The first time I saw her, she was in a nursing home for welfare cases. She was sitting in a reclining chair in a drab common area, staring into space as the smell of urine and ammonia wafted through the room.
It was a sad place to land toward the end of a long life and sadder still because it never should have happened.
After five years of fighting, Marie in December got some of her money back from the lawyers and fiduciaries charged with protecting her though not in time to make a difference in her life.
Marie died on April 22, at age 92.
"She was able to pass knowing all the hard work of others paid off – that gave her much joy," her niece, Kim Raynak, told me. "She actually did a fist pump in the air when we told her of the win."
Marie and her husband, Cliff, planned for their old age, knowing they'd be alone. Their daughter, Patsy, died of cancer at 16. Their son, Bobby, was 20 when he was killed in Vietnam. When Cliff died in 2003, he left Marie in solid financial shape.
She had $1.3 million in assets in 2005, when she suffered a stroke. After a family dispute over where she would live, Marie wound up in probate court, where lawyers and fiduciaries help vulnerable people and sometimes they help themselves, too, to a tidy pile of cash, unless a judge stops it.
Marie's judge didn't stop it and so she was paying $106 for hearing-aid batteries and $50-an-hour for someone to open her mail and $19 to reply to her request for new shoes.
By 2009, she was broke and moved to nursing home for indigents, though her family eventually was able to move her to a nicer place once her money dried up and her for-profit guardian promptly bailed.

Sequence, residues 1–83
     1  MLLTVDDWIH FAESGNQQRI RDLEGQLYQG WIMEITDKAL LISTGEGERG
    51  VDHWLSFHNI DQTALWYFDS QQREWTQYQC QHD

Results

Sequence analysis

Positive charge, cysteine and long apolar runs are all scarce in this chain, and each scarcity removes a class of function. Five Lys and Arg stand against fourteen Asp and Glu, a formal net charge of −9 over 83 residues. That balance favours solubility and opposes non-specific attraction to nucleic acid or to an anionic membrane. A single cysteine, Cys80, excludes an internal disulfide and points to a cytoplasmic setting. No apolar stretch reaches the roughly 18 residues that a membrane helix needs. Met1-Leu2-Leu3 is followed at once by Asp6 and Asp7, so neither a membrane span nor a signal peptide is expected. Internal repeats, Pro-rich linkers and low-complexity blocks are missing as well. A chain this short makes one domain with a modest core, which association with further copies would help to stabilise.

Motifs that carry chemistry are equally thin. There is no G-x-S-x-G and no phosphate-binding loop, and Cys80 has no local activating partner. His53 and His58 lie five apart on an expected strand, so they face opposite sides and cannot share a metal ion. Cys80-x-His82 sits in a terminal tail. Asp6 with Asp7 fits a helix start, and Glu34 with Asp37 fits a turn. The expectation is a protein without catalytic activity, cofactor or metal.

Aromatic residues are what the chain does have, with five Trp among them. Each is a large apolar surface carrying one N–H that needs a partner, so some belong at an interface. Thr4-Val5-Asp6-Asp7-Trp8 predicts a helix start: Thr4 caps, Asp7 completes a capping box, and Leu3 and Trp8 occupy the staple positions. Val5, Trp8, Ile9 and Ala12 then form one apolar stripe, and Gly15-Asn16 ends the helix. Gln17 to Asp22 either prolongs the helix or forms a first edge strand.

Marie's lawyers, Jon Kitchel and Patricia Gitre, worked for free for years, trying to stop the bleeding and then to get some of her money back.
But a probate judge ruled that the attorneys and fiduciaries were justified in helping themselves to more than $1 million of Marie's money and the Supreme Court left the bulk of the judge's ruling intact.
The December settlement brought enough so that Marie would be able to live out her life comfortably. Sadly, she never got the chance to enjoy it.
She did, however, get the chance to change things. As a result of what happened to Marie, laws were changed and reforms were enacted in the hope of better protecting the Maries among us.
"We now have some of the tools that ought to help us prevent another Marie Long case," Kitchel told me. "My optimism is tempered because I know that the tools we had during Marie's case should have been enough."
Marie Long didn't get to fully enjoy her final years as she should have and that is such a shame. But the sweet old lady who spoke so softly was, at least, heard.
"I would like," she once whispered to me, "that this doesn't happen to anybody else."
Probate Victim Spoke Softly But Was Heard
CBS: Guardianship Company Cost Woman Dearly
READ the GAO report: Guardianships: Cases of Financial Exploitation, Abuse and Neglect of Seniors
NASGA's "An Open Letter to Congress and the White House